{music starts}


Voice: This is The Scottish Hip Hop Show.


{music ends}


VRE: This track is called “Supplication” and it was taken from my 2019 instrumental album Sweetheart Grips. It’s the closing track on there. The reason that I’ve picked this one is that it’s one of my favourite instrumentals that I produced. I remember when I was sort of trying to put the album together and make sense of where I was wanting to go with the sound and the tone of the project, “Supplication” was one of those tracks where I felt like it started to fall into place. And it was almost the keystone that kind of allowed me to work out what else I wanted to do with the album and what I needed to do and where I needed to bring it in.


{music, “Supplication”}


VRE: I think for me the main thing that sort of hip hop means is authenticity and sort of creating a voice and making yourself heard. I think it’s always been about being able to speak what you have to say and put that out in front of an audience. And it’s something that I try and kind of approach with sampling within records and the tone, the tonal choices that I’ll use. It’s about sort of being able to rearrange something and create a new narrative or a new story with how you’ve changed the sound of that, that record. But yeah, I would say that hip hop and grime, I suppose as well, it kind of comes from a place that is typically marginalised and people who maybe feel like they don’t have a voice elsewhere. And it’s about just putting down that sort of raw emotion and honest feelings. And I think that’s where any sort of record that really sort of connects or has a moment, that’s what is shining through there, is that people can feel that sort of authenticity and the truth that’s in that record.


I think the main piece of advice I would give myself starting out would probably be. And there’s a quote I really like that kind of covers it that’s basically about art is never completed, it’s just abandoned. And I think when I started out, one of the main things I was always worried about or I was always sort of obsessing over was tweaking things endlessly or thinking it was never ready or complete. And I think with everything, it kind of comes to a point where you have to just let it go and put it out. And when I started out producing, I definitely held a lot of stuff back because I didn’t think it was good enough to put out and push forward. And when I eventually did release an album, it got such a great reaction that I kind of. I was like, “I don’t know why I’ve ever been worrying about putting these things out.” And then you kind of have to get out of your own way a little bit and just push these things out and see how it does. Because sometimes it’s the things you don’t think are necessarily going to land in a certain way resonate the most with people.


So locally, some of the local artists that I’ve worked with have been guys like Ransom FA, Bemz, Oyakhire. And some of the classive guys like Madhat McGore as well. And then more recently Mistah Galactic, who’s a singer from Edinburgh. And then also just on a sort of wider scale in the UK and internationally, I’ve worked with MCs like namesbliss from London, Remtrex, NoLay, Manga St. Hilare from the classic grime crew Roll Deep and also Ten Dixon as well.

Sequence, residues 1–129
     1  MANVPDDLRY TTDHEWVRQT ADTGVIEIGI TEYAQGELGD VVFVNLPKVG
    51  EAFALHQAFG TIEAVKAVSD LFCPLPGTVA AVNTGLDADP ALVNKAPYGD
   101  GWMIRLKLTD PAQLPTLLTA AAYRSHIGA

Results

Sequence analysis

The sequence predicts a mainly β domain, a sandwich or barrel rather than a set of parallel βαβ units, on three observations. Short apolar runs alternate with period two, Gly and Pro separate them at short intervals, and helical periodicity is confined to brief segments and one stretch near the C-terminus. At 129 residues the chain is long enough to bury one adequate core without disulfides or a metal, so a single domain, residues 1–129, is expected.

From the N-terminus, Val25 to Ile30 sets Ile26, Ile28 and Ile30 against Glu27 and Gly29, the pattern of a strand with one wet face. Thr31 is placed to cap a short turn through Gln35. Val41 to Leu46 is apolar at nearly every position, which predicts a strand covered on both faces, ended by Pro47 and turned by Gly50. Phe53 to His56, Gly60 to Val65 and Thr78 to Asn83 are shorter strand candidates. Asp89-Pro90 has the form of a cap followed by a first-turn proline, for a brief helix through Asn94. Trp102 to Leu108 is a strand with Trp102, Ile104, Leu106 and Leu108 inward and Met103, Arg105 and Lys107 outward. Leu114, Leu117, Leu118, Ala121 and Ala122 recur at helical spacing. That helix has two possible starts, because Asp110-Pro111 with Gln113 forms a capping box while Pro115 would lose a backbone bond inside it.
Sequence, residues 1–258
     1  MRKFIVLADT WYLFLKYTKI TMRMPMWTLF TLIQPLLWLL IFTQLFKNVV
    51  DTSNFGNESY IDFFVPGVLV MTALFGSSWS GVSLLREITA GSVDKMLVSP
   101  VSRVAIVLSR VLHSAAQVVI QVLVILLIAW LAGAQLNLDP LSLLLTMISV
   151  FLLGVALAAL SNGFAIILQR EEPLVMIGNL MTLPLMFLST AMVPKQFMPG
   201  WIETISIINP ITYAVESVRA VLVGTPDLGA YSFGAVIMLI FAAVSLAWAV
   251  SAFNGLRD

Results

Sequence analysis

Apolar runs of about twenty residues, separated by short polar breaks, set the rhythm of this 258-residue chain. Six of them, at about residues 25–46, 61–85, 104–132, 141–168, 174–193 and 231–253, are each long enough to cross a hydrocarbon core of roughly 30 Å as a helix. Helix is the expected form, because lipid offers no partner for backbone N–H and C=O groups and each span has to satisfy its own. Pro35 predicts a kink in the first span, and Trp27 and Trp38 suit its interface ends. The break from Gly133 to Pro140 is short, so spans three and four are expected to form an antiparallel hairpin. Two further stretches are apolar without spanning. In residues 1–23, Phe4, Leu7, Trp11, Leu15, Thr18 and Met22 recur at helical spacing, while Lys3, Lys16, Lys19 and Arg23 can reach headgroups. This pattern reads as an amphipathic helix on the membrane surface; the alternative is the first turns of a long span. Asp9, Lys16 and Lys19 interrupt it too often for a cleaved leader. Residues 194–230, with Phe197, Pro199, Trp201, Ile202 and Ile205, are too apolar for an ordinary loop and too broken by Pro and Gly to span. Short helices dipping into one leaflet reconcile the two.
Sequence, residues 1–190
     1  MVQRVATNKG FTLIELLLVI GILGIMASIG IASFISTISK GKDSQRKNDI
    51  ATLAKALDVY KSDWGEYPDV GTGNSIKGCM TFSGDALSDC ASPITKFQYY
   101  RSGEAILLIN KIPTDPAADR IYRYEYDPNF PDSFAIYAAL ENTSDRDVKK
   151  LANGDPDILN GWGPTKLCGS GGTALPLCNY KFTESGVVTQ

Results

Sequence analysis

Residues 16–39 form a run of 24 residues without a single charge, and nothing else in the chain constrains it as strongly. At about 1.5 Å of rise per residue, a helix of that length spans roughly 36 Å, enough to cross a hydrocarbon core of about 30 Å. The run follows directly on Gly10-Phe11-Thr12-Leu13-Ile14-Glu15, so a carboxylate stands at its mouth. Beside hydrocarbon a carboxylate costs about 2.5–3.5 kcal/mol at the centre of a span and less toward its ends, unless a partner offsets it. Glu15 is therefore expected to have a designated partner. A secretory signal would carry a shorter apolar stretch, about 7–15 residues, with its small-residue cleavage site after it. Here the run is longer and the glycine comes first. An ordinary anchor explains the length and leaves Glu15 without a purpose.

I would say some of the highlights of my career so far would definitely be when I  released my last album and I got on the front cover of the Press and Journal in Aberdeen, which was a pretty surreal moment. Also at the start of this year being named as one of Vic Galloway’s Top 25 Artists To Watch on Radio Scotland was mind blowing to be included alongside some really big names. And also another one for me would also be earlier this year where I was able to do a guest mix for Jyoty on Rinse FM. She has a really big platform and I was able to do a 30 minute mix of all Scottish hip hop artists. And a lot of these artists hadn’t necessarily had airtime on that radio station before so being able to utilise that very large platform to shine a light on a lot of the talent we have up here. I felt very sort of proud to have the ability and the option to do that.


{music starts}


Host: You’re listening to The Scottish Hip Hop Show featuring Vagrant Real Estate.


{music ends}


VRE: This track is called “Two And Seven” and it’s from the album that I produced for YNX 716 last year in 2020 called Glass Half Full. I first met YNX through Instagram when I was researching the hip, growing hip hop scene that’s bubbling in the underground of Buffalo, New York. And we immediately bonded over the sounds that we were wanting to create. Obviously, being in 2020, there was a lot of social and political factors that were burning around the sort of creation of the album as we were sending vocal ideas and production back and forth. Namely the George Floyd protests, which were taking place in both New York and in Aberdeen as well. And also the wider discussion around the police brutality. And also the impending re-election where Trump was potentially going to get back into office. And I feel that “Two And Seven” kind of covers a lot of the thematic ideas that we were trying to hit, convey and hit on in Glass Half Full as a whole. And really succinctly wraps them all up. I feel it’s some of YNX’s strongest verses on that song.


{music, “Two And Seven”}